The end of Lakelands was sad.  Under circumstances no longer known, the property passed into the possession of a solicitor and was demolished.  Today the site of Lakelands is a field surrounded by surburban housing overlooking Cork harbor.  Little remains of the house except for an arched gateway bearing the date 1812.   However, the Crawford Art Gallery, a product of the family's munificence, still stands in Cork today. 


The Crawfords at Tusculum

Tusculum is the original home of the Crawford family in Amherst county and one of the oldest and most architecturally significant dwellings in the Virginia Piedmont.  Built in the 1750's, it features a timber-frame construction and two wings connected by an innovative breezeway. 

Tusculum was built in two stages: the initial house was built around 1760 for David Crawford II and a large addition completed around 1805.  William Sydney Crawford inherited the house and property from his grandfather sometime after 1762.  He had been educated at Princeton, practiced law, and was the clerk of the Amherst County Courts, working out of the "master's office" on the Tusculum grounds. 

Tusculum was the birthplace of William Harris Crawford
in 1772 and the childhood home of Maria Crawford. She was the wife of Elijah Fletcher and mother of Indiana Fletcher Williams, the founder of Sweet Briar College.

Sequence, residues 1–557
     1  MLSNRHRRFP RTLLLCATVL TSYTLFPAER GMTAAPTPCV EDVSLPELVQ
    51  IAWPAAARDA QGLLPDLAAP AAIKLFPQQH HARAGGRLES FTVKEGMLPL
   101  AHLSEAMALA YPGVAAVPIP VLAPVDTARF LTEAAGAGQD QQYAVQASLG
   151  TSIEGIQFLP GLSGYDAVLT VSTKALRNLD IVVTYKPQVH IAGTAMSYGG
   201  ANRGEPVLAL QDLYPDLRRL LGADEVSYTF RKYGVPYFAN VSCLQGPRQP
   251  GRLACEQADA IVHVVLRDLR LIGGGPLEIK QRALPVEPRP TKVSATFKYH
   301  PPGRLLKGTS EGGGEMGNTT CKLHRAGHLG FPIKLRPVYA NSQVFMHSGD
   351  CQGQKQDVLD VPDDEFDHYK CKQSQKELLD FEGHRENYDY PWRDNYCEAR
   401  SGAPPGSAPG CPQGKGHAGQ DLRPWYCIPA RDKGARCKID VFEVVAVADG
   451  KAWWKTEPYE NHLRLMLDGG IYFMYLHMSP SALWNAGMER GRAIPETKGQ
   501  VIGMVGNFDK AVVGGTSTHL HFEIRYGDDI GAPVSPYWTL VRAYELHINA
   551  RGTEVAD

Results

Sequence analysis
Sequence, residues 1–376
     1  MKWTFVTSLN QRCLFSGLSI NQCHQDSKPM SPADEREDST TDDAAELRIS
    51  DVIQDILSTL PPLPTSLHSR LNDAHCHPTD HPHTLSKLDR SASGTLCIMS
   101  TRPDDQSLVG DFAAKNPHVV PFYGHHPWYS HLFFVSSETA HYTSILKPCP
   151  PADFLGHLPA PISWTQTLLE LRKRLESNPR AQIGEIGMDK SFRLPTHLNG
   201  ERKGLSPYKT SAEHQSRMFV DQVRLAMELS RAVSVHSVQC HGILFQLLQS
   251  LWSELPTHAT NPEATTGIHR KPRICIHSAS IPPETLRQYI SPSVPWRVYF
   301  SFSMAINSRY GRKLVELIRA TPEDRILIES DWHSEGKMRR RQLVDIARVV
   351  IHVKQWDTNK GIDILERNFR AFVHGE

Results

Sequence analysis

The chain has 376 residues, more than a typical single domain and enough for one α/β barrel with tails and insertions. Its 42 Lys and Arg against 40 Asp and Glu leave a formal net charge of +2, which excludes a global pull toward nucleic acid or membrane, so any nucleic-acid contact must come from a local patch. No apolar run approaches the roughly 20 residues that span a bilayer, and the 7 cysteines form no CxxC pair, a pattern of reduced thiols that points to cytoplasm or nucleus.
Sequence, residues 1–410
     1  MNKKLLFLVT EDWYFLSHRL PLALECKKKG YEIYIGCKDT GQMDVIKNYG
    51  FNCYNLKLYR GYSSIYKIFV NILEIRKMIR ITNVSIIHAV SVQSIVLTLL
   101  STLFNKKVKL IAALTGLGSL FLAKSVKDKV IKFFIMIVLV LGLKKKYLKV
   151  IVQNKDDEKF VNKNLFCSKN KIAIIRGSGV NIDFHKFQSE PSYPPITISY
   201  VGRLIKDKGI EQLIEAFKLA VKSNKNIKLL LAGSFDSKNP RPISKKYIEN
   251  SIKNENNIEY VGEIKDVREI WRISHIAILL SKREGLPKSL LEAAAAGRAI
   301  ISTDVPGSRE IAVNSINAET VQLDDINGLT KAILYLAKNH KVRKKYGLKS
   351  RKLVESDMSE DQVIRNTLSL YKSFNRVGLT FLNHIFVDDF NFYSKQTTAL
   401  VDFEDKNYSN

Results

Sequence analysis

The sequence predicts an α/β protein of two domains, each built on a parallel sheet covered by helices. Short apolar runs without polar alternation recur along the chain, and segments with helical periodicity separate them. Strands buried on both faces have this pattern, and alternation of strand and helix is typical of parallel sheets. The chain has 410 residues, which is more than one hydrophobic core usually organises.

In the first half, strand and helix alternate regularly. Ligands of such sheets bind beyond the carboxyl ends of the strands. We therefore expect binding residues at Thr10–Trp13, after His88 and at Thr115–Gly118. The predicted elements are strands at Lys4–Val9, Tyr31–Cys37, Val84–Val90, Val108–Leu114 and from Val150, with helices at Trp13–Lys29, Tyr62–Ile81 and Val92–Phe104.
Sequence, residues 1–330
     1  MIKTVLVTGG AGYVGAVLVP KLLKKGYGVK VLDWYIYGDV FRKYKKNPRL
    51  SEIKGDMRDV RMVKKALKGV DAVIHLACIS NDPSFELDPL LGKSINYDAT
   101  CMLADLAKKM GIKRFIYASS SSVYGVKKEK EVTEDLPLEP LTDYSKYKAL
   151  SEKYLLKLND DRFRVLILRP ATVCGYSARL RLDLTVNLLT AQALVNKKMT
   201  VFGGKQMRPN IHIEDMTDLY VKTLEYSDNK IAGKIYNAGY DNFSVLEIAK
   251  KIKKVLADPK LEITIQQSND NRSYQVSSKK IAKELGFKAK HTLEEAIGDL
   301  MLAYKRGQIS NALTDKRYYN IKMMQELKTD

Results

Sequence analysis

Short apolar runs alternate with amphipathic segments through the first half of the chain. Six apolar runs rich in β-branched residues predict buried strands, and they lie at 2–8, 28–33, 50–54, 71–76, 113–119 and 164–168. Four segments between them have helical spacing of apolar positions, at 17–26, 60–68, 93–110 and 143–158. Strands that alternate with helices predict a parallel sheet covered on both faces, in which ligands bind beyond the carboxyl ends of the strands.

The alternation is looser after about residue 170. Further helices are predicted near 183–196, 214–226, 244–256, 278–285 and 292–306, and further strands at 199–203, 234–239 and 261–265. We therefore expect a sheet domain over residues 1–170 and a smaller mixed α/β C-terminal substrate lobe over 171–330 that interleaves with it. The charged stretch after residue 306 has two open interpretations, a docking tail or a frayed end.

William Harris Crawford

As William Crawford was progressing in Georgia state politics, duelling was still an accepted way for gentlemen to resolve disputes.  In 1807 William ran for the Senate vacancy against a local attorney Peter Van Arlen.   The contest between the two men became so bitter that it ended up as a duel - where William shot and killed Van Arlen.

Soon afterwards, he found himself in a dispute with Governor Clark of Georgia which also escalated into a duel.  This time William's aim was not true and he was severely wounded.  The duel gave birth to a family feud between the Clarks and the Crawfords and their allies the Troups.  It was the Crawfords and Troups who were to win out in Georgia state politics over the next thirty years.
 
William Crawford later became President Madison's Minister to France, Secretary of War, Secretary of the Treasury, and a Presidential candidate in 1824 in the famous four-way contest with John Quincy Adams, Henry Clay, and Andrew Jackson.  He was described as follows by the historian John A. Garraty:

"Crawford was direct and friendly, a marvellous storyteller, and a superb manipulator of men.  He was one of the few persons in Washington who could teach the fledgling senator Martin Van Buren anything about politics.  Van Buren supported him enthusiastically in the contest for the 1824 Presidential nomination."

Crawford, however, came fourth and last in the Presidential contest.

Dr. George Crawford - An Oregon Pioneer

George Fisher Crawford was born in Grayson County, Virginia in 1818.  His ancestors were of Scotch-Irish extraction and he was one of the of the landed nobility of the "Old Dominion," having settled there long before the Revolutionary War.  He was the eldest child of a family of seven children.